One Jewish Boy at Trafalgar Studios
In Stephen Laughton’s One Jewish Boy, the audience meet a modern-day pair of star-crossed lovers. Ring a bell? Laughton’s new play about rising antisemitism focuses on the relationship between a Jewish man, Jesse (Robert Neumark-Jones), and a mixed-race Gentile woman, Alex (Asha Reid). Over several years, Laughton explores key moments in the couple’s shared experiences of hatred and inherited trauma and the subsequent effects these have on their marriage.
Laughton’s play has caused shock waves outside the theatre, as he faces abuse and criticism across social platforms for his sharp portrayal of these topics. Breaking out of the theatre’s walls has made the play all the more relevant; One Jewish Boy not only examines these conversations for what they really are, but exemplifies how they are physically materialising in the outside world.
Georgia de Grey’s intimate set consists of a transparent box, used to represent different locations on the couple’s journey. This design has no hidden spots, mirroring Laughton’s intention to expose and face the conversations about different cultures and beliefs that Jesse and Alex discuss in depth. Despite this setting, the couple attempt to literally and metaphorically hide from each other behind the exterior structures of the box.
In the safe hands of Sarah Meadows, the production is, unsurprisingly, tenderly performed. Meadows combines physicality with Laughton’s sharp dialogue so well; there is a clear feeling of a climax building from the offset, which successfully keeps the audience yearning for the fascinating unfolding relationship. This is heightened by Benedict Taylor’s soundscape and the engulfing lighting design by Jack Weir.
Reid and Neumark-Jones have palpable onstage chemistry, with the perfect level of contrast to emphasise their differing backgrounds, beliefs and desires. They both not only command the fast-paced dialogue with great control, but they present a real relationship, in an incredibly raw and emotional way. The audience discovers during the performance that Jesse has experienced an antisemitic attack, being physically and verbally abused to the point of hospitalisation. Flashbacks are used to transition between scene changes, with Neumark-Jones thrashing about the stage, throwing himself onto the floor to convey the pain that is inflicted upon him. The effect of this is heightened by strobe lighting and a pounding soundscape. Jesse’s growing physical pain comes to a head as it spills into the couple’s relationship: his trauma is always a topic of conversation, showing his inability to cope with the mental strain of the experience; this cuts much deeper than just an “attack”.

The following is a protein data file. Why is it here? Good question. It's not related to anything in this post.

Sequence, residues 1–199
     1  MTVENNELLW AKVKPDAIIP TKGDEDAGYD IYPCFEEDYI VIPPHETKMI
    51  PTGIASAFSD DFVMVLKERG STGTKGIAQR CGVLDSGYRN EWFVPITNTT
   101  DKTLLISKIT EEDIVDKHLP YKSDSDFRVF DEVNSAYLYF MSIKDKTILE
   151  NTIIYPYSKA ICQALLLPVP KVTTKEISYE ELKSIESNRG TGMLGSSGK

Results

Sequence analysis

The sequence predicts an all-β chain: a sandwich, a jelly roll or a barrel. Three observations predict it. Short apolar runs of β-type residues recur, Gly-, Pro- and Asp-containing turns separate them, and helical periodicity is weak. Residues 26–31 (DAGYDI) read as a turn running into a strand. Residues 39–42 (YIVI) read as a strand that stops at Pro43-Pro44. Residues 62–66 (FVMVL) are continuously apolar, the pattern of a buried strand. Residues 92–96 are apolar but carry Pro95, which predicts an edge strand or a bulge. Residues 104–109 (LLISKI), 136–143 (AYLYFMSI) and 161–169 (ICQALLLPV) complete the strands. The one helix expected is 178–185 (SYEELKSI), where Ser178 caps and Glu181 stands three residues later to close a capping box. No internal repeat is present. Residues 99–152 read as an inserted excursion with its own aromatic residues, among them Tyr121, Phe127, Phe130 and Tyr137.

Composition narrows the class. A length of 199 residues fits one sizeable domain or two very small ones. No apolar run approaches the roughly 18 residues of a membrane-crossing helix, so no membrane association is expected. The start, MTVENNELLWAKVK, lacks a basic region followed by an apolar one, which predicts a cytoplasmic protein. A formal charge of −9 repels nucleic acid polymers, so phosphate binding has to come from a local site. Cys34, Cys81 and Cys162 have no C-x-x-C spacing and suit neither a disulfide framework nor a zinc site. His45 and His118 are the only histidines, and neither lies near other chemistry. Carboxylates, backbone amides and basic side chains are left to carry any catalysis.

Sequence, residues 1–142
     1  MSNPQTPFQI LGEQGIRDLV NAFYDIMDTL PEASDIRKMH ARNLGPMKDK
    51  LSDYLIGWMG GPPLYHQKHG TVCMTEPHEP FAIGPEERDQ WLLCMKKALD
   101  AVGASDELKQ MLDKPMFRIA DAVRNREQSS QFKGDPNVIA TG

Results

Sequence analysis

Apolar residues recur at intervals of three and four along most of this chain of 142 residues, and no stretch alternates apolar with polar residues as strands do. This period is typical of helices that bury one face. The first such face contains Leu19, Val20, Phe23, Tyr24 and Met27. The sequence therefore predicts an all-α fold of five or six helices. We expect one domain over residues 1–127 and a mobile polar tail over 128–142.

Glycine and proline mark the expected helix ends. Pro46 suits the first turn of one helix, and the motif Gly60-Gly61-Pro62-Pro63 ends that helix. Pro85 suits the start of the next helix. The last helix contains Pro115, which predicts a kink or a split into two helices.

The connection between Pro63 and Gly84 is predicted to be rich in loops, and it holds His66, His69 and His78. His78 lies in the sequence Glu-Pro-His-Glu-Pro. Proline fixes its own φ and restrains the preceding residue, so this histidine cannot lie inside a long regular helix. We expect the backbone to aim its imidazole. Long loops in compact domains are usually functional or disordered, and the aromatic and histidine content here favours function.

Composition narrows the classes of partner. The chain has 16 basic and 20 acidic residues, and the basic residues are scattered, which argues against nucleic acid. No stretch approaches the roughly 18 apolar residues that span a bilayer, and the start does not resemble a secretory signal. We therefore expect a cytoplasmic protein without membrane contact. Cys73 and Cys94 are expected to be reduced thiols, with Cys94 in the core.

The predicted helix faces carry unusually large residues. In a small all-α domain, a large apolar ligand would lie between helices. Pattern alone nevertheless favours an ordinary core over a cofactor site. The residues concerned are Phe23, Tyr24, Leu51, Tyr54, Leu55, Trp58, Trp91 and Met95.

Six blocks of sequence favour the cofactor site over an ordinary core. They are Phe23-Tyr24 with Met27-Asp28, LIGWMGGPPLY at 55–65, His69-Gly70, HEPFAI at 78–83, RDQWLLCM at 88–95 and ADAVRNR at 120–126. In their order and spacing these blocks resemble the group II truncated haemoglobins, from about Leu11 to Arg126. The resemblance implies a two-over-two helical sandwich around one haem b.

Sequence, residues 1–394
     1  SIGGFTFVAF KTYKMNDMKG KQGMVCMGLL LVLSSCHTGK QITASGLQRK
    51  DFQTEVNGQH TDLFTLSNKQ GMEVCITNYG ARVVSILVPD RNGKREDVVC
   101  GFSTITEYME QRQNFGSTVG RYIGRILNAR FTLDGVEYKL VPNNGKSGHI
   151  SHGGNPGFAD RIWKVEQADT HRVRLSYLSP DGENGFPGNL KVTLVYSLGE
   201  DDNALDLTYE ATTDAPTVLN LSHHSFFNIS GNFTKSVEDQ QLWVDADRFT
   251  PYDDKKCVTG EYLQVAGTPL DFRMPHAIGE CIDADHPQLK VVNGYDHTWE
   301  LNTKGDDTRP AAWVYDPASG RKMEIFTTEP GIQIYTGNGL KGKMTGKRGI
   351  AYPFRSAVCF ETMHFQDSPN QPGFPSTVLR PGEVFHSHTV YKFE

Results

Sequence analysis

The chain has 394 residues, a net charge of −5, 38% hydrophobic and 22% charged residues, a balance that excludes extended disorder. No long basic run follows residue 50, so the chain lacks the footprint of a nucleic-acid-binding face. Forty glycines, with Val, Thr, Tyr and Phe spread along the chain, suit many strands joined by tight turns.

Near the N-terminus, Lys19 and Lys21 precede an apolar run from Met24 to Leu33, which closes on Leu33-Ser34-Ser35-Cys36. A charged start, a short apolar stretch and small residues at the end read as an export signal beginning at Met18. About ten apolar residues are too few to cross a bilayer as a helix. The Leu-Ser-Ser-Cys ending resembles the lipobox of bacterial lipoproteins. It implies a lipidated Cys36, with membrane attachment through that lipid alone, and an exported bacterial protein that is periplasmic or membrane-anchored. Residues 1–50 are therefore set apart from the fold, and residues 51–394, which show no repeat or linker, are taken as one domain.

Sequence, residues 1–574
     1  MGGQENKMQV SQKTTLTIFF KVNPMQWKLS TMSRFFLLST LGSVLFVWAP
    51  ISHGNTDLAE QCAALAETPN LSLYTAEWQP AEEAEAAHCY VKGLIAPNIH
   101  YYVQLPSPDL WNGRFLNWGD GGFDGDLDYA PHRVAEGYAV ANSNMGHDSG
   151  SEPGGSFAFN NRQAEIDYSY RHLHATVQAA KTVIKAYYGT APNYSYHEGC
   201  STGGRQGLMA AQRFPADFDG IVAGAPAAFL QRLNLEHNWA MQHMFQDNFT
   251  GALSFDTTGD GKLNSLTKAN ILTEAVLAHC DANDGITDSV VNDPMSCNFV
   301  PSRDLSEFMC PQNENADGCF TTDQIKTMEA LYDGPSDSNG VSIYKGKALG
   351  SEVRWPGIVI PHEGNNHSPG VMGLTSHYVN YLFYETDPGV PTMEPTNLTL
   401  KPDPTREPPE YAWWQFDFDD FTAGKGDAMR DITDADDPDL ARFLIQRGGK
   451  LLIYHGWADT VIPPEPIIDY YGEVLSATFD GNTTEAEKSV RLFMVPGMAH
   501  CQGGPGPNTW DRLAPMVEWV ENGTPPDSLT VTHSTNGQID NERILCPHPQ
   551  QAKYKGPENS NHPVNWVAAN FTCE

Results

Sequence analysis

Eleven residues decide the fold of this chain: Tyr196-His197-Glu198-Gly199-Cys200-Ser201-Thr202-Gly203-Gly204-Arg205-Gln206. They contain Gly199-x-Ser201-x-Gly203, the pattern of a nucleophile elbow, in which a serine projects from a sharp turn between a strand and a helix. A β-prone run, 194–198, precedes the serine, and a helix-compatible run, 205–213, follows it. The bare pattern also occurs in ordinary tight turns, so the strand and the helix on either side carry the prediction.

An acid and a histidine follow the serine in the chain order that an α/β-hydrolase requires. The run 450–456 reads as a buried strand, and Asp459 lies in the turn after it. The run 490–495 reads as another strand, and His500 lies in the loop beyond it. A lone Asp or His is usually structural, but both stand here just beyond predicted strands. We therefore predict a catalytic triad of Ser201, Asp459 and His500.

Ultimately, Laughton’s play uncovers the notion of perception. An opinion or perception of a topic will always be a decision made consciously, because of what you have been born into and exposed to: nature versus nurture. But is one opinion right and the correct one, compared to someone else’s opinion? This in-depth study of class, gender, background and race asks audiences to think more deeply about how we are perceived and the impression we give off to the world.
Photo: Pamela Raith
One Jewish Boy is at Trafalgar Studios from 12th March until 4th April 2020. For further information or to book visit the theatre’s website here.